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Storage Element for Machine Use

IP.com Disclosure Number: IPCOM000076852D
Original Publication Date: 1972-May-01
Included in the Prior Art Database: 2005-Feb-24
Document File: 2 page(s) / 35K

Publishing Venue

IBM

Related People

Fleisher, H: AUTHOR [+2]

Abstract

The use of a chalcogenide layer 10 in conjunction with a ferroelectric layer 12 permits this optical memory to operate very rapidly and have four possible storage states.

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Storage Element for Machine Use

The use of a chalcogenide layer 10 in conjunction with a ferroelectric layer 12 permits this optical memory to operate very rapidly and have four possible storage states.

The chalcogenide layer 10 is placed with the ferroelectric layer 12 and a noncontinuous film 18 between two electrodes 14 and 16. While it remains unilluminated the chalcogenide layer 10 is in a high resistance state, so that when voltage is applied between the electrodes 14 and 16 only a fraction of it is dropped across the ferroelectric layer 12. This voltage drop across the ferroelectric layer 12 is insufficient to change the direction of polarization of the ferroelectric layer. However, when the chalcogenide layer is suitably illuminated, it goes into a conductive state that causes most of the voltage applied between electrodes 14 and 16 to be dropped across the ferroelectric layer 12. In this case, the voltage is sufficient to change the direction of polarization of the ferroelectric layer from an upward to a downward direction and vice versa. The noncontinuous film localizes the voltage drop through the ferroelectric layer. The chief advantage of this as opposed to using a conventional photoconductor, is the higher switching time that is possible.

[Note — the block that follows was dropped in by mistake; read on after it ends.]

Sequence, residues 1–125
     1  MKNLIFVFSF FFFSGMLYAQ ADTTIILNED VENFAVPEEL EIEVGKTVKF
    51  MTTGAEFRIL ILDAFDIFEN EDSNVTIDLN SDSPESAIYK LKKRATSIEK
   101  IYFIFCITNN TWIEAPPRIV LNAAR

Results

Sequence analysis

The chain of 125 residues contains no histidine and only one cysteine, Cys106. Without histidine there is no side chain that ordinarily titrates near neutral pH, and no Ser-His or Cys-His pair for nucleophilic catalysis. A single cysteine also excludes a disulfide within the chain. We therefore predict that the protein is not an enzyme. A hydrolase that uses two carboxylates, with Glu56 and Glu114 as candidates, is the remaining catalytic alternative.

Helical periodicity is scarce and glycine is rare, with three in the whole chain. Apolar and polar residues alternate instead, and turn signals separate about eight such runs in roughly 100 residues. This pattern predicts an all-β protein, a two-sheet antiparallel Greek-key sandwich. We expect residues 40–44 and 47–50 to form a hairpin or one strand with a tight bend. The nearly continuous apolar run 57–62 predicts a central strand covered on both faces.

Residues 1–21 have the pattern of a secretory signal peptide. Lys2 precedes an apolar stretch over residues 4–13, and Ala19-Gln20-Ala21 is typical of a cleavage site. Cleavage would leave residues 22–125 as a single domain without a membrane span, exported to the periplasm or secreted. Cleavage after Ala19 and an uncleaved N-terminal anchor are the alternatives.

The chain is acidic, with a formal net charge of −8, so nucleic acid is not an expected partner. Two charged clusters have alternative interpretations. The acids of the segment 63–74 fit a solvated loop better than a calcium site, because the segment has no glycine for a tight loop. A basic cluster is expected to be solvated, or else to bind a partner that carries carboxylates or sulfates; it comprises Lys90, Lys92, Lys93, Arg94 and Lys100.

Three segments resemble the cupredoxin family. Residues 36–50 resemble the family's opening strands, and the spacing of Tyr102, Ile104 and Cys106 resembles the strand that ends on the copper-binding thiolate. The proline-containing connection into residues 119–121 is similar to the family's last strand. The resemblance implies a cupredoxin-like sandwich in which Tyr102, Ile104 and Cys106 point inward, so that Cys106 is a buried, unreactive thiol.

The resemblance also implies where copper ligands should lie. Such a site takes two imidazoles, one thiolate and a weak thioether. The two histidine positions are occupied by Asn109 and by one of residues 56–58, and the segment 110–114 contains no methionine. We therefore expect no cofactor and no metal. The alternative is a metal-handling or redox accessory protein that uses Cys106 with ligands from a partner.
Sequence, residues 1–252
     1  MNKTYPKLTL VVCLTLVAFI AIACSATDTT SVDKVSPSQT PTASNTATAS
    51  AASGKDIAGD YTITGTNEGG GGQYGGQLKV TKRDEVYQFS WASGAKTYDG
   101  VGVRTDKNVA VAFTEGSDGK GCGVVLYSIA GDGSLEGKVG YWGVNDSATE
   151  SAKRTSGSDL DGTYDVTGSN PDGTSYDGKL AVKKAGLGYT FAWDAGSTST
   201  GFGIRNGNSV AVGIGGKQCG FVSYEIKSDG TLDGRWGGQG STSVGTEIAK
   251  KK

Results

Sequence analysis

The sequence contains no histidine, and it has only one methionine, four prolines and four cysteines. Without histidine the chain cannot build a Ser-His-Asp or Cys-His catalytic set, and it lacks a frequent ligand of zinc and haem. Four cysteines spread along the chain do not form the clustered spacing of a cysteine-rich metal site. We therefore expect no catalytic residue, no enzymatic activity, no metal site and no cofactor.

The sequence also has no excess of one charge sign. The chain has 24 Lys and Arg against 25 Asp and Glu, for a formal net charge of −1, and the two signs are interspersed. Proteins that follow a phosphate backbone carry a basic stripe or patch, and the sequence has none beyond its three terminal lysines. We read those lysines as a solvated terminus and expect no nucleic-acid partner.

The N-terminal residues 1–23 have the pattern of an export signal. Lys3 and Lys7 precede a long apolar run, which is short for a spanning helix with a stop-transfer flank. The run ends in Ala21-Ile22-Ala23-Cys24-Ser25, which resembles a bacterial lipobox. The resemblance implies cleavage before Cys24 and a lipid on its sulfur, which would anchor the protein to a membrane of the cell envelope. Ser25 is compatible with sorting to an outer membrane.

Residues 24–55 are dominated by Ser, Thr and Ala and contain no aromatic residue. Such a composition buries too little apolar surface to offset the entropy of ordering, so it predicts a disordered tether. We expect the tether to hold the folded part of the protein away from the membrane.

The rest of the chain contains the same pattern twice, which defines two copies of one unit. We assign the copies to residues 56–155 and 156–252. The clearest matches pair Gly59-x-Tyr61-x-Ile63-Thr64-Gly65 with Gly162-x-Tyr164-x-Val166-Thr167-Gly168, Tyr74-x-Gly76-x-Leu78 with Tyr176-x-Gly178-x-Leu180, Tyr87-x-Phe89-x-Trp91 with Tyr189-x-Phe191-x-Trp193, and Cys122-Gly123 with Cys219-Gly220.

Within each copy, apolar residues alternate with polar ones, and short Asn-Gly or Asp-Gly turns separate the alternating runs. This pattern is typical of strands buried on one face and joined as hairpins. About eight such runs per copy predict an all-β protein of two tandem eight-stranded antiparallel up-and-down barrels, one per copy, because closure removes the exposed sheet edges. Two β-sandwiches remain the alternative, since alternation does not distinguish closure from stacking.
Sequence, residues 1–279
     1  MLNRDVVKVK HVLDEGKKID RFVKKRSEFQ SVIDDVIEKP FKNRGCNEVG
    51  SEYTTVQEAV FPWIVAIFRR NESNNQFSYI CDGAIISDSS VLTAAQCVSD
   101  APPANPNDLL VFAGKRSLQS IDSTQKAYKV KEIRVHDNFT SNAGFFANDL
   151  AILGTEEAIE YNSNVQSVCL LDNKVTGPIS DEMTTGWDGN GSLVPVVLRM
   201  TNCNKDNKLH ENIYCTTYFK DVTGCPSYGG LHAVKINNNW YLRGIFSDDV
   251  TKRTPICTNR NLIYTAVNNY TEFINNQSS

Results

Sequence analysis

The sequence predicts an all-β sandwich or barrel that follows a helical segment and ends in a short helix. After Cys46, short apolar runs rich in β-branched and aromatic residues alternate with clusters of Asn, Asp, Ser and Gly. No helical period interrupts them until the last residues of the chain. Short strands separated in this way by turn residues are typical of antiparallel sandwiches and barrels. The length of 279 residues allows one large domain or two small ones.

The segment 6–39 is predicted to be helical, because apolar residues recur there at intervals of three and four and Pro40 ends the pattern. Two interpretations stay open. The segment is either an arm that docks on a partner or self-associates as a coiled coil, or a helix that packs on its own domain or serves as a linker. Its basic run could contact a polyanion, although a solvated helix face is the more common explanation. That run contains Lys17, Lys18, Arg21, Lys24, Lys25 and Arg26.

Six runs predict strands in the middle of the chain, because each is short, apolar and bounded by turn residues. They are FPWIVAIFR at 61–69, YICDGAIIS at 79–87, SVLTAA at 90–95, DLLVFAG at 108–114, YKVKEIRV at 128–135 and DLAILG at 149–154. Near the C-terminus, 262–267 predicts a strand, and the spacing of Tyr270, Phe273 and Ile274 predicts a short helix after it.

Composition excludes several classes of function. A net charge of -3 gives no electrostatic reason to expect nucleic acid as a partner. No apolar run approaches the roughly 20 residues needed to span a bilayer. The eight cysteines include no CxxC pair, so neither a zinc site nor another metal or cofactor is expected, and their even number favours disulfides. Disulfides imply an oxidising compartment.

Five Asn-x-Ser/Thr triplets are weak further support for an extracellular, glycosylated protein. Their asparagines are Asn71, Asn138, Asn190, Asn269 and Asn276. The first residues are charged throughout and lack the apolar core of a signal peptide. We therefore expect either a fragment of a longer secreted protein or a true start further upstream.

The change in resistance of the chalcogenide layer is transitory if the applied light energy is low. However, when the radiation used exceeds some threshold (relating to both time and intensity), the change that oc...